Another example is a recent White House’s briefing room statement from the president about the importance of protecting career civil servants from political interference as part of the administration’s priorities for combating corruption and defending democracy.

Agencies’ evaluation and evidence-building plans

Researchers can also look at the research questions that agencies themselves have defined as being relevant to their short- and long-term priorities. As part of the Foundations for Evidence-Based Policymaking Act of 2018, federal agencies provide regular plans detailing their significant evaluation activities, as well as longer-term plans for identifying priority questions, only some of which they will evaluate themselves.

The latter document—sometimes called a learning agenda—can be a very helpful resource, laying out the research questions that agencies have identified as being important and relevant. These research questions usually reflect a mix of short-term political priorities, as well as longer-term questions relevant to agencies. Researchers can find these documents on agencies’ own websites or centrally at www.evaluation.gov. Examples include:

  • Looking through the U.S. Department of Labor’s Evidence Building Plan for fiscal years 2022–2026 researchers can see that the department calls out a need for more research on how the Occupational Safety and Health Administration can build stakeholder partnerships with community, faith, and educational organizations or institutions to help the agency reach underserved or vulnerable workers.
  • In the U.S. Department of Housing and Urban Development’s learning agenda, researchers can see that agency staff have helpfully ranked research questions in order of their priority to the agency, listing some areas—such as understanding the risks to indoor air quality in HUD-funded housing or what an expanded Federal Housing Administration role in financing multifamily housing could look like—as top priorities.
  • The U.S. Department of the Treasury has issued a learning agenda specifically tied to the economic recovery and relief programs the government has launched since the onset of the COVID-19 pandemic. It indicates that the agency is especially interested in collaborations with external researchers who can contact the department directly for such opportunities. Areas of particular interest include the distribution of Emergency Rental Assistance funds to tenants across the United States and whether the distribution was equitable, lessons for preventing evictions nationwide, and the impact of the funds on housing stability and well-being of recipients.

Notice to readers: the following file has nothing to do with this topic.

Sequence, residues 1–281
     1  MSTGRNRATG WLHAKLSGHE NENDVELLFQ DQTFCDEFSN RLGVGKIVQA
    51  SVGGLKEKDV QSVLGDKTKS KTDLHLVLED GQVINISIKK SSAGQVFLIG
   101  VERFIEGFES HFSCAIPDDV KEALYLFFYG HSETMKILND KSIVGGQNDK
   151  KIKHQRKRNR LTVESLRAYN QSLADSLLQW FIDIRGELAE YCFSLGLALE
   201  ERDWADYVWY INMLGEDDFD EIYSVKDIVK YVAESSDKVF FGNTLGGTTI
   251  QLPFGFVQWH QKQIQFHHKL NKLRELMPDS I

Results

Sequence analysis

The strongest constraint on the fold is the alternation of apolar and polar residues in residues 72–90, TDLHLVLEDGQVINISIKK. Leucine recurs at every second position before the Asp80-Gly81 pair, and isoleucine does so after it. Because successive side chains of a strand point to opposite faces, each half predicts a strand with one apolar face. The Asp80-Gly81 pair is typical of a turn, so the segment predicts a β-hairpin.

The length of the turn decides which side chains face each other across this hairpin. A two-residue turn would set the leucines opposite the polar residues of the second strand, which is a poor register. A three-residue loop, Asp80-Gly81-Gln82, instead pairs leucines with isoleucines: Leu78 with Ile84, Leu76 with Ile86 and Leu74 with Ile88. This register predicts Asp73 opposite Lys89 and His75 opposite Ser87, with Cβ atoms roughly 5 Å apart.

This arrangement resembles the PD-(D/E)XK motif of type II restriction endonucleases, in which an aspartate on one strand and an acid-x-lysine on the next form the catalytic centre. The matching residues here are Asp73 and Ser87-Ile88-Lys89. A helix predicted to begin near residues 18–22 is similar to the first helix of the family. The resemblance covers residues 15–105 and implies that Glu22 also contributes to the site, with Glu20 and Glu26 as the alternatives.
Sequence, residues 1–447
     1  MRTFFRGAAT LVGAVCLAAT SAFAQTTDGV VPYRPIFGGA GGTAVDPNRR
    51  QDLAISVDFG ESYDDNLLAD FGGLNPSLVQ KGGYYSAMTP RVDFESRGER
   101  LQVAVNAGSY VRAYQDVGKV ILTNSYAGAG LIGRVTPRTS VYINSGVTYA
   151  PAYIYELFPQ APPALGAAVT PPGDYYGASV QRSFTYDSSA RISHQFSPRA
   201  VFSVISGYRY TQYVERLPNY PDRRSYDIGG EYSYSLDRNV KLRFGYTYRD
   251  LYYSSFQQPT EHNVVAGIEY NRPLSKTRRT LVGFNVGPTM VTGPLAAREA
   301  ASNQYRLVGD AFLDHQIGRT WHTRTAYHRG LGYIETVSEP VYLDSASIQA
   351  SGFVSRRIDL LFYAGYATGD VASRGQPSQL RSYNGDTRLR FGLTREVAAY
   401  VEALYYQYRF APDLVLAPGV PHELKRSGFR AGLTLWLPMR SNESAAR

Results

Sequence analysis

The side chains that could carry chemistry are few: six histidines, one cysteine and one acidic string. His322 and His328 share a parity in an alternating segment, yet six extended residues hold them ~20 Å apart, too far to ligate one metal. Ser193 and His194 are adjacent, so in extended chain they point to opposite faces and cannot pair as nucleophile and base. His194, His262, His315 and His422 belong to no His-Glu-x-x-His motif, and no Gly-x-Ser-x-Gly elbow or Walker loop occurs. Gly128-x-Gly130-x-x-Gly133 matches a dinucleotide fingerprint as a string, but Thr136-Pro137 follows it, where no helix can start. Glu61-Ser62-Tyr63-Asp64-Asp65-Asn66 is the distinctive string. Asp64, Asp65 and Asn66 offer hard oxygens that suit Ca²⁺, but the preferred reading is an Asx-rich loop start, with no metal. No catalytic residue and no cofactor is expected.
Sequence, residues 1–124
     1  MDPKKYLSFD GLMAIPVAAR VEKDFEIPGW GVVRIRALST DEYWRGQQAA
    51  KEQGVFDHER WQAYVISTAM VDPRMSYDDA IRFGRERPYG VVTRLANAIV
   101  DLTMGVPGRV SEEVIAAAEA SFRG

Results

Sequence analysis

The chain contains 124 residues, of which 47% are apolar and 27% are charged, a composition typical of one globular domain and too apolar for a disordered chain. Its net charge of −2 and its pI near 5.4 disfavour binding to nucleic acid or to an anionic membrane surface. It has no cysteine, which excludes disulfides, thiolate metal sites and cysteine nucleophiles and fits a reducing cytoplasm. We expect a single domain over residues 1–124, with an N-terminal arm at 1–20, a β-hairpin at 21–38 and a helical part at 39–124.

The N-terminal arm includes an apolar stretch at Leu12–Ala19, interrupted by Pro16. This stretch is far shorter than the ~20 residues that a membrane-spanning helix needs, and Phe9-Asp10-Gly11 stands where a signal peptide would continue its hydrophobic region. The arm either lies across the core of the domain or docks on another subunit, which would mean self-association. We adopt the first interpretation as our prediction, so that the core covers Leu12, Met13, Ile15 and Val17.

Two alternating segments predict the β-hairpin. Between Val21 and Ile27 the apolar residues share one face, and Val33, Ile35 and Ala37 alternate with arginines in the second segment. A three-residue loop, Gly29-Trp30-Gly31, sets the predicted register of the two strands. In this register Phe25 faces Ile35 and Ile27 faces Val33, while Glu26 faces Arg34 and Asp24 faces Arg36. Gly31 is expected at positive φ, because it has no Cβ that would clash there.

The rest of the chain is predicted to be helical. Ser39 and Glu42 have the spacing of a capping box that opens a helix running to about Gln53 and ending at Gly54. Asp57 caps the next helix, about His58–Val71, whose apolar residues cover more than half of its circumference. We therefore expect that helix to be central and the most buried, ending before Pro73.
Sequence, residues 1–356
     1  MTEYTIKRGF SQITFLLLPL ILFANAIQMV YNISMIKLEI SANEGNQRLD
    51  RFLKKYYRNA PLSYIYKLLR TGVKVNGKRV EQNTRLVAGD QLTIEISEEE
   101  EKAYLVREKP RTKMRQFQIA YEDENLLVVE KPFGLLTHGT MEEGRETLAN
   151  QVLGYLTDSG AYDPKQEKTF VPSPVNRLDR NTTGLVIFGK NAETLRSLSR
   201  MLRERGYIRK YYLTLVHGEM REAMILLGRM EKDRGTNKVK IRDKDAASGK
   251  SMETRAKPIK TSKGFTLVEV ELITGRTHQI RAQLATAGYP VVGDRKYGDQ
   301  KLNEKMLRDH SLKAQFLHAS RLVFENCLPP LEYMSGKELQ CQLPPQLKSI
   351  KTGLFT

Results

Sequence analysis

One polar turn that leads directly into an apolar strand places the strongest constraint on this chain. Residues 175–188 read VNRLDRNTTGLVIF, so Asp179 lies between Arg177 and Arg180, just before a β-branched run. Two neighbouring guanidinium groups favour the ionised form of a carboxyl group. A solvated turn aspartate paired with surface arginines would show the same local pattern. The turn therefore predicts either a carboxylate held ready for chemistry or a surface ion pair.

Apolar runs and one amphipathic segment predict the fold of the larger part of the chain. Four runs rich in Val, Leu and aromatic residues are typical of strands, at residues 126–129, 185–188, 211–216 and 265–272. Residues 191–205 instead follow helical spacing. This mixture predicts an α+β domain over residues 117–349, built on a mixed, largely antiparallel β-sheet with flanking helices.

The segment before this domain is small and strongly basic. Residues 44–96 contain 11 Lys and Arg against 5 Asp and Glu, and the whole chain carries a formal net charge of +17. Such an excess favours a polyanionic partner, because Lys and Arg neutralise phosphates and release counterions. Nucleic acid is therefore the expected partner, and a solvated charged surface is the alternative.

Agencies’ strategic plans

To understand an agency’s longer-term priorities, another good resource is its strategic plan, which agencies are required to produce every 4 years as a result of the Government Performance and Results Act of 1993. A strategic plan is intended to be an accessible framework for agencies to define key priorities and then assign specific indicators for tracking those initiatives over time.

Researchers can use these documents to understand the issues that an agency is likely to tackle over the course of a presidential administration and the specific responsibilities that individual subagencies within an agency in order to meet the agency’s and the administration’s overall goals. Like the evaluation plans described above, these topics include a mix of top political priorities, as well as longer-term priorities that are likely to be relevant for the agencies over several years (if not longer). These plans are available on individual agency websites, as well as housed centrally by the Office of Management and Budget at www.performance.gov.

Looking through the U.S. Department of Labor’s strategic plan for fiscal years 2022–2026, we can see that the Women’s Bureau (a subagency within the department) is interested in understanding best practices for hiring and retaining women in the trades and expanding initiatives to help formerly incarcerated women reenter the workforce.

Similarly, the Office of Management and Budget’s performance team has listed some areas, such as improving the delivery of government services, as being overarching priorities for all agencies that researchers may consider when choosing research topics.

Agencies’ budget requests and congressional budget justifications

A third source of information about short- and longer-term priorities are the annual documents that agencies produce together with the White House to form the president’s budget request to Congress. These documents include detailed descriptions of what agencies and subagencies propose as new activities to meet the administration’s goals (and for which they are requesting new funding), as well as descriptions of how agencies and subagencies are using existing funding from Congress.

Together, the budget documents include valuable background information for researchers on what agencies are currently doing and their priorities for the coming years. It can be an especially helpful guide for researchers to grasp the responsibilities of specific agencies (and subagencies) and the statutes that govern those agencies so that researchers can understand which policies each agency oversees and whether policy changes might be possible, given the limits of current statutes. Researchers can find these resources on individual agency web pages, as well as on the Office of Management and Budget website for the president’s budget.